Workflow in the International Karate Global Championships - Joe Ng

2017-10-11

I was covering the 7th International Karate-do Goju-kai Association Global Championships on my own, but as always, everything we did there was a team effort, involving every staff and volunteers on site, as well. Lyn Rafferty, the event media manager, kept things running. She pushes out all live photos and updates on social media.

Over the four-day event at the Richmond Olympic Oval, British Columbia over 700 athletes from more than 20 countries,  compete on six rings in individual and/or team events, in both kata (prearranged forms) and kumite (sparring). Team Canada consists of the Canada’s top Gojukai karate athletes who are promising medal recipients for the impending 2020 Olympics in Tokyo, Japan.

Every night, I would cull my takes as quickly as I could, given the fact of it generally being past midnight. Using Photo Mechanic, I would tag and colour code the best of the day. The SOOC files of these photos I would then import them into Lightroom for quick edit, tone, size and colour correct those files and drop them back into SmugMug in a folder designated for web use and social media. Couple hours later, my morning coverage starts, and by the time the venue would break, usually around noon, I could start my typical workflow with Photo Mechanic to pull those files and in between matches, so Lyn, media manager, could post to Instagram, Facebook, or Twitter. My day started with gear prep about 7am, and usually ended around 6pm.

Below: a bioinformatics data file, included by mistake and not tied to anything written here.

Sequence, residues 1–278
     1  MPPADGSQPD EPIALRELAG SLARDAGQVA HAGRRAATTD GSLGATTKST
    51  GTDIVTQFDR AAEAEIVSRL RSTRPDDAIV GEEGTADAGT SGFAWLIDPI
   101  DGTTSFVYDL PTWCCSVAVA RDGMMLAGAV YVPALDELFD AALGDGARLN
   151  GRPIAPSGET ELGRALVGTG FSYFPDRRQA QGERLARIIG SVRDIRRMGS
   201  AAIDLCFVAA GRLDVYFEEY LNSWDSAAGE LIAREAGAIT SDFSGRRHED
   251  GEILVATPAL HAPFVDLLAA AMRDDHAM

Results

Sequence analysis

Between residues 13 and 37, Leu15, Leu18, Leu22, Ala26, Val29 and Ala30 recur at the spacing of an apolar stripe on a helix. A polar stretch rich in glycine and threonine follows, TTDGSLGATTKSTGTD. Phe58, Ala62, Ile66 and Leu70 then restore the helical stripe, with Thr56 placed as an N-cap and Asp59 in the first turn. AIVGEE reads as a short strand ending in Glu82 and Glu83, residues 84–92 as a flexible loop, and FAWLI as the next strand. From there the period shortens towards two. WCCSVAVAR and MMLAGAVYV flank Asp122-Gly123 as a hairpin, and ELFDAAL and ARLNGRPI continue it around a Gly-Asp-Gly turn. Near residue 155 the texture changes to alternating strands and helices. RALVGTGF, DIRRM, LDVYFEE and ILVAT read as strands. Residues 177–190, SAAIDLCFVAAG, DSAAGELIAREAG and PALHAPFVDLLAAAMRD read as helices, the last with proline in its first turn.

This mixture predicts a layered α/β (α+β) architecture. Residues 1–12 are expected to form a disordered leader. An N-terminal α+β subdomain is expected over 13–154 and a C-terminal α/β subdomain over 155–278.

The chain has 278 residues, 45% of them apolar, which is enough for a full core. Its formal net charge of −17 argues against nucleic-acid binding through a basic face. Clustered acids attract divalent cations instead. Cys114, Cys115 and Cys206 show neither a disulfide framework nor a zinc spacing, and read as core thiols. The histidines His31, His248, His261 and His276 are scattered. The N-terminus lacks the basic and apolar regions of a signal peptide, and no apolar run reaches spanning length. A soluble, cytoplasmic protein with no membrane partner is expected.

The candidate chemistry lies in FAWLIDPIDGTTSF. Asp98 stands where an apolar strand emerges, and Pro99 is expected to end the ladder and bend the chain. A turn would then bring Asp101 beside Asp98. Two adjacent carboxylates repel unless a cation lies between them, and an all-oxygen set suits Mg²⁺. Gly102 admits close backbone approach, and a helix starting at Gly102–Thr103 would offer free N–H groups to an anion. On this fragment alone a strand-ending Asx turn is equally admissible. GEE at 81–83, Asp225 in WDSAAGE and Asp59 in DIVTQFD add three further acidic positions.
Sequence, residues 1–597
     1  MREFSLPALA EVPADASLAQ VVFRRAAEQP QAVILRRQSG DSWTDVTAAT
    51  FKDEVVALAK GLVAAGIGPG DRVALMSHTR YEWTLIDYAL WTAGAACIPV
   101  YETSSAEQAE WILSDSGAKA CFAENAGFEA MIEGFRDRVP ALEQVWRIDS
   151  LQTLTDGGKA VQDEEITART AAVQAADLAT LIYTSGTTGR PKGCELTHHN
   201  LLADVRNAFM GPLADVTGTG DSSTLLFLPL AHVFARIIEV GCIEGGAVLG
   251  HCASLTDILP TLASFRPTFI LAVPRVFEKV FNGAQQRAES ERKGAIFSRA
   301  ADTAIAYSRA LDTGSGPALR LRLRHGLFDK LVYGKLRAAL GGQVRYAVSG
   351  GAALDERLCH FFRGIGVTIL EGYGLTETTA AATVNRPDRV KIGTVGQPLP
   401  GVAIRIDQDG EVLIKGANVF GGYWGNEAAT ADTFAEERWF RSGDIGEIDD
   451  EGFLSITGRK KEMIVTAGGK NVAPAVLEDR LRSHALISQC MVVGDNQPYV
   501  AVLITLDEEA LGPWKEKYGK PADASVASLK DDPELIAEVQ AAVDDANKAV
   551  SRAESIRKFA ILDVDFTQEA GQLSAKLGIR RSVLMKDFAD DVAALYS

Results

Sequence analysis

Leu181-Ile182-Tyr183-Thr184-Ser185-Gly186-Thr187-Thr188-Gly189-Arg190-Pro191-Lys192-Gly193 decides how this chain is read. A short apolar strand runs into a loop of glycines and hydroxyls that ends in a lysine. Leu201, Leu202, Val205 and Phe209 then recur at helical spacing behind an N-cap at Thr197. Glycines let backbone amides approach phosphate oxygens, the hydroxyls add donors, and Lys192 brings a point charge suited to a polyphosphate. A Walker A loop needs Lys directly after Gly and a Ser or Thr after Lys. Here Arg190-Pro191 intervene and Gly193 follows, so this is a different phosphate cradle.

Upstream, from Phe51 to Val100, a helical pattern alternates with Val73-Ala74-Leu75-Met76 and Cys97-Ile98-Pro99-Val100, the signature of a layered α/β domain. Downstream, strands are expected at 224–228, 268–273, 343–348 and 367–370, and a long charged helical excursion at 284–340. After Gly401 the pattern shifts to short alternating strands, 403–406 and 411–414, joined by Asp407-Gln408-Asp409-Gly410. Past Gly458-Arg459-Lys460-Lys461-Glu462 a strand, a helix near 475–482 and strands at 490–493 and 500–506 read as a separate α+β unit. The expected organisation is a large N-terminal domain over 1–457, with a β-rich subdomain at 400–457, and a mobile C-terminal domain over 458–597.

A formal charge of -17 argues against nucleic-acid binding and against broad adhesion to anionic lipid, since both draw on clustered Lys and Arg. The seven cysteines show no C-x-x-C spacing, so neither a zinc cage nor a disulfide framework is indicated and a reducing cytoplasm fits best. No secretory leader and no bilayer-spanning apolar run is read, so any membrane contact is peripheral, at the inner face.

During the Games, I shot with two X-T2s with XF16-55mm and XF50-140mm lenses and a XF14mm at various times. It was an exhausting effort, on everybody’s part, as I guess it should be, trying to keep up with the matches. The athletes performed magnificently, and deserved the best photographic efforts. It was a privilege to see the performances, as it was to be amongst the photographic talents assembled in Richmond. Just a terrific collection of hard working, dedicated pros. Learned a lot, just watching the variety of approaches to Karate, many of which I had not shot in forever. Tokyo here we come!

Just kidding. I’m pretty tired!


Talk soon...

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